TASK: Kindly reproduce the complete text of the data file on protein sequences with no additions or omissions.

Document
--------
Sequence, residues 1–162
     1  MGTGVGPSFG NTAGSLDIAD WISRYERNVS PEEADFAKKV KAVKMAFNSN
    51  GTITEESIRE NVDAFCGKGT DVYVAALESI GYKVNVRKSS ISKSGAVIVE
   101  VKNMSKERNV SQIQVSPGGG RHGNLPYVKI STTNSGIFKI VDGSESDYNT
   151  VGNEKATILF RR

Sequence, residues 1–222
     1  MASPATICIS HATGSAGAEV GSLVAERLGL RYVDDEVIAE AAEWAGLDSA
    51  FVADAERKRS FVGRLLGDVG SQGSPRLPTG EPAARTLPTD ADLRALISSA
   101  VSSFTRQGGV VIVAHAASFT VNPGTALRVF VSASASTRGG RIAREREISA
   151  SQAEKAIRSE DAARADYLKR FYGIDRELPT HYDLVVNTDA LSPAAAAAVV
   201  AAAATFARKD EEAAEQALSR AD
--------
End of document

Sequence, residues 1–162
     1  MGTGVGPSFG NTAGSLDIAD WISRYERNVS PEEADFAKKV KAVKMAFNSN
    51  GTITEESIRE NVDAFCGKGT DVYVAALESI GYKVNVRKSS ISKSGAVIVE
   101  VKNMSKERNV SQIQVSPGGG RHGNLPYVKI STTNSGIFKI VDGSESDYNT
   151  VGNEKATILF RR

Sequence, residues 1–222
     1  MASPATICIS HATGSAGAEV GSLVAERLGL RYVDDEVIAE AAEWAGLDSA
    51  FVADAERKRS FVGRLLGDVG SQGSPRLPTG EPAARTLPTD ADLRALISSA
   101  VSSFTRQGGV VIVAHAASFT VNPGTALRVF VSASASTRGG RIAREREISA
   151  SQAEKAIRSE DAARADYLKR FYGIDRELPT HYDLVVNTDA LSPAAAAAVV
   201  AAAATFARKD EEAAEQALSR AD